It’s documentaries like this that illustrate to me how much I have grown as a film buff, and one interested in political subjects as well.
Opening today at the Lightbox, as well as other select theatres worldwide, is this fantastic documentary about the 10 televised debates between socialite and conservative media man, William F. Buckley and liberal novelist, Gore Vidal.
Just putting those two names in the same sentence, you know there are going to be sparks. And there were….
The year is 1968.
As the song goes, the times were a changin’, and America seemed to be in an uproar, filled with culture clashes and trouble, with an election on the horizon. And with elections, come the inevitable, political conventions, each of them, being covered in their own way by the big three broadcasters, NBC, CBS, and the flagging ABC.
ABC decided to host a series of debates to help secure their floundering ratings, and reached out to Buckley to represent and comment on behalf of the Republican base, and then they went out and brought on the only man he completely detested to speak for the Democratic side of things, Gore Vidal.
Both men were brilliant, sharp and erudite, and were complete opposites on the political spectrum, insuring what ABC hoped would be a powerful series of debates, 5 focussing on the Republicans and 5 on the Democrats. What they got, they did not expect.But what they got was amazing.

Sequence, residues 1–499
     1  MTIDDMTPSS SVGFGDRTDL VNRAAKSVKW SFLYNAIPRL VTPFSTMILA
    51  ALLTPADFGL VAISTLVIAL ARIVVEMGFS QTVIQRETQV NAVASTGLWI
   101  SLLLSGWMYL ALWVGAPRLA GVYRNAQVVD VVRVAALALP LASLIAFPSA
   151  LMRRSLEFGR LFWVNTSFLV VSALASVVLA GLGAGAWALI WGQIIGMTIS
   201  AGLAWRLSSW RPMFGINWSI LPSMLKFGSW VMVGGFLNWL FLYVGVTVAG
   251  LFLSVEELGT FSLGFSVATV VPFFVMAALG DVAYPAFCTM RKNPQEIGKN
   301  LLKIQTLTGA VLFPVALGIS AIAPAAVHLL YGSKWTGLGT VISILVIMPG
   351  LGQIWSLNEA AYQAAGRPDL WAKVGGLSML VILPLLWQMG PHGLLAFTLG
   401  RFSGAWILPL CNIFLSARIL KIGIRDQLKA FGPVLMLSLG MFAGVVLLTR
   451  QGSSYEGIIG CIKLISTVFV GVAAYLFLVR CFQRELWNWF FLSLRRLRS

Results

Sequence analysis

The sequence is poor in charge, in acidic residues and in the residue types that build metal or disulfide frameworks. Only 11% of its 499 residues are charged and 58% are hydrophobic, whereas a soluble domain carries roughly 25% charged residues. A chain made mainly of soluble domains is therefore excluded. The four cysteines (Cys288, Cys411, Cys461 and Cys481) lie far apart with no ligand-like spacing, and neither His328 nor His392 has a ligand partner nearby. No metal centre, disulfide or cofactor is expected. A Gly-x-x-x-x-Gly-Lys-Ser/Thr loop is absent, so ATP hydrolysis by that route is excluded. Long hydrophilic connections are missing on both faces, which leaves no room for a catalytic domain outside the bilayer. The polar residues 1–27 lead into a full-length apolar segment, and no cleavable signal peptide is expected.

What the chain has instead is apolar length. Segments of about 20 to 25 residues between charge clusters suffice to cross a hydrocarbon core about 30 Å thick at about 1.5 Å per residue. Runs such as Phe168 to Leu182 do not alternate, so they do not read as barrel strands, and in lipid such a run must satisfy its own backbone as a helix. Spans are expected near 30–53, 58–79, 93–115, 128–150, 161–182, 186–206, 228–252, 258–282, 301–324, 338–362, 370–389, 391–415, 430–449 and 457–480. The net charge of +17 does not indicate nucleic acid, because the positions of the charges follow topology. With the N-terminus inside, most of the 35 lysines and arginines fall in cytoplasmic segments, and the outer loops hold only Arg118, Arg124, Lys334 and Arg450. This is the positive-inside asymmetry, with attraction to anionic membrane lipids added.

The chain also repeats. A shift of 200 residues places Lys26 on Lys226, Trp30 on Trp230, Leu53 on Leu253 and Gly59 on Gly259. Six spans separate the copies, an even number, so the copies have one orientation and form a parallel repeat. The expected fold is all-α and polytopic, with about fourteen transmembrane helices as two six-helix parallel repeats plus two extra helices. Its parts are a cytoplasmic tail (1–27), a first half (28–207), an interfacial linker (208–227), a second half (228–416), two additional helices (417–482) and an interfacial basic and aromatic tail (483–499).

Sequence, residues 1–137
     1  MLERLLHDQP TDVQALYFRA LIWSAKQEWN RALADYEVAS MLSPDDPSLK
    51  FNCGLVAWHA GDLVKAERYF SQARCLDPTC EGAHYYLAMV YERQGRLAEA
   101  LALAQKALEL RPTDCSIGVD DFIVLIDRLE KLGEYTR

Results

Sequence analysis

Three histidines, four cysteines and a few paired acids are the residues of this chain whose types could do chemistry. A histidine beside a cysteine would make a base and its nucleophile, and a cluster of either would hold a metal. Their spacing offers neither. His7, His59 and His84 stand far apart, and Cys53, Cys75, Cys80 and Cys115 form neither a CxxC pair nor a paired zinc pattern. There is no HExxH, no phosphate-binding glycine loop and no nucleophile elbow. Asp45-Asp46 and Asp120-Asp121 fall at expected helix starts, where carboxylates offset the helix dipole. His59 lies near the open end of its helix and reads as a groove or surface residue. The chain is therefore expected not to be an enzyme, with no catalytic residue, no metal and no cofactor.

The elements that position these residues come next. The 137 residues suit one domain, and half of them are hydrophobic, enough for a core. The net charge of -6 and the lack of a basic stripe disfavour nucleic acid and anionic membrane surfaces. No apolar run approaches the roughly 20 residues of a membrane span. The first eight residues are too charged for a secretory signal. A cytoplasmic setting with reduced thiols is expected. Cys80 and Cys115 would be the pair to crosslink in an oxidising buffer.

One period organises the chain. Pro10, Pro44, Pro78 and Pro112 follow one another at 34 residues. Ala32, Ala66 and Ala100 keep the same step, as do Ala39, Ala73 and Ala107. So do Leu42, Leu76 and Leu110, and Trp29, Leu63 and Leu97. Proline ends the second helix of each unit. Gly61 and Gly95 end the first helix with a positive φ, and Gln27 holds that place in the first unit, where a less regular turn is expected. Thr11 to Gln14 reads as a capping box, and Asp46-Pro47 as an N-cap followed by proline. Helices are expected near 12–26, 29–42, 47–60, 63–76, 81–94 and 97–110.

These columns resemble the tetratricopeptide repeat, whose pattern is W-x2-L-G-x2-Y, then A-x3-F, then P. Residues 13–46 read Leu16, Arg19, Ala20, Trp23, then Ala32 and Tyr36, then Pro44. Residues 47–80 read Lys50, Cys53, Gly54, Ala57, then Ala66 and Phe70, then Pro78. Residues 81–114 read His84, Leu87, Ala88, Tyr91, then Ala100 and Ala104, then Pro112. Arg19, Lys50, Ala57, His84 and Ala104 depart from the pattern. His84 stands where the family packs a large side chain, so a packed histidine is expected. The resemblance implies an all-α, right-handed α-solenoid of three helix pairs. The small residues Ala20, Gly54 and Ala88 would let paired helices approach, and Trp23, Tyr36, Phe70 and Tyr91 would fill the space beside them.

For 10 nights, the pair faced off against one another on the struggling ABC and its affiliates, Buckley went in with the intention of debating the politics, but Vidal did his research not only on the party but on Buckley, and went after him. The sparring match, wonderfully kept in context by directors Gordon and Neville, changed the face of news, and the way it’s debated on-screen.
From the first bell, these two went after one another,until after 10 rounds, a vitual boxing match with words as jabs, Vidal triumphed over Buckley, but neithe of them were able to let the moment go, revisiting it for years as they bickered and fought back and forth in magazines, court, and press conferences.
Featuring archive footage from the debates, and interviews, as well as readings by John Lithgow (reading Vidal) and Kelsey Grammar (reading Buckley) this documentary is electric, engaging and enthralling.
The film examines two brilliant men on both sides of the political line, and how they forever shaped news coverage, politics and the world at large. It remained an event that marked them both, whether for good or bad, shaping them as much as it did the rest of the world, and elevated debate to a higher level than we have seen in some time, even when they were sniping at one another.
A fascinating documentary, Best of Enemies opens today!